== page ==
When I was 21, I got my heart broken for the first time. I got the phone call that he was driving to my house (two hours away from where he was taking summer classes) to see me so we could talk. I knew what that meant, even though I had yet to experience it. I had the anxious thoughts going through my mind, the sweaty palms, my heart racing out of fear for what was about to go down.
I had a family party that day so I had a great deal of hiding what was actually going on inside me to do. But it couldn’t wait. We probably already waited too long, which is why it hurt so bad once it was actually done. That night, he picked me up and we went far away from my house, where my dad was always in full protective mode, to get it over with. It was painful—probably some of the worst pain I’ve ever felt. I grieved the nearly two-year loss for a while, as many do post break-up. I was so hurt that he could give up what we had. It’s been seven years since that day, and although we haven’t spoken, I hope he knows that I’m thankful that he did it.
A year later, my best friend decided our friendship had run its course. She felt like we both weren’t moving forward at the same pace and we had trouble connecting like we used to. At the time, I felt abandoned, as our friendship was starting to dissolve way before the expiration date. I had just gone through a breakup and was looking to party every weekend, while she was in a new relationship and wanted to settle down. It was bound to happen sooner or later. It wasn’t a romance, but the pain of losing her felt all too familiar, as we spent more time together than most do with their significant others. Despite how difficult it was to hear that she didn’t want to be friends anymore, I know it was just as hard for her to say. Though it took me some time to grasp the loss, I understand now why she needed to break away.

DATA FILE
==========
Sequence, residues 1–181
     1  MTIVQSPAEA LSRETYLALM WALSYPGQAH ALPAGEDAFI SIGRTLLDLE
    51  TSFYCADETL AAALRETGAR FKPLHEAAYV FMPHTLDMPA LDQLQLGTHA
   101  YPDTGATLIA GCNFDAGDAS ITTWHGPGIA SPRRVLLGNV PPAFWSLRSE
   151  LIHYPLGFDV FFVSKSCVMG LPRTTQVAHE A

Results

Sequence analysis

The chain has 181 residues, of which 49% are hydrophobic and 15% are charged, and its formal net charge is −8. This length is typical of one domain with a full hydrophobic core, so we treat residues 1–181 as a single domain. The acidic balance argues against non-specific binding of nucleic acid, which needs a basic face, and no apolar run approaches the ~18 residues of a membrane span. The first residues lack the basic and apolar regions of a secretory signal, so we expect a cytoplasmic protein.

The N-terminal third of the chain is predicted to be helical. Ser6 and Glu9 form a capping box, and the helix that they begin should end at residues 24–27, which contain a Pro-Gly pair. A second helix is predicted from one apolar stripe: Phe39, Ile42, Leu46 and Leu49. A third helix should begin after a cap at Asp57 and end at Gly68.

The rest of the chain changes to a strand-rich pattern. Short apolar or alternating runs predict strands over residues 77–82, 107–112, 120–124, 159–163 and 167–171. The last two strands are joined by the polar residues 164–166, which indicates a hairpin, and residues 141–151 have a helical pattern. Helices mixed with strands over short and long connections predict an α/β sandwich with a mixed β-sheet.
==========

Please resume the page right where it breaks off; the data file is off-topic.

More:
I lost several close friends within that time period. There usually wasn’t even a fight that led up to our separation—it was just time. I’ve come to realize that there doesn’t always have to be a reason for people to move on, it just happens as we grow. The friendships you developed in college, where your only focus is finding the energy to go to random parties during the week and still make it to your 8:30 a.m. class the following morning, slowly dissipate over time. You start to form different interests and make new friends in your respective careers, and you naturally start to lose each other in the wind. The relationships you had when you were young and your days were consumed of cuddling and nose kisses oftentimes eventually lose their spark, not because your feelings weren’t genuine, but simply because that wasn’t the ending to your love story.
Although it’s still difficult whenever a Facebook memory appears on my feed of the time I spent with numerous ex-boyfriends and former besties, I cherish those moments but don’t regret going our separate ways. I understand that we all grow and evolve in different ways, and the story you have written for yourself is not what typically unfolds. At 21, I thought that my boyfriend would always be there and the best friends I had would be by my side at our wedding. Since those breakups, I have had a chance to find out what I truly deserve in a partner and have a girl squad that would make Taylor Swift jealous. But it was those hardships that got me to the life I have today, and I wouldn’t trade that for the world.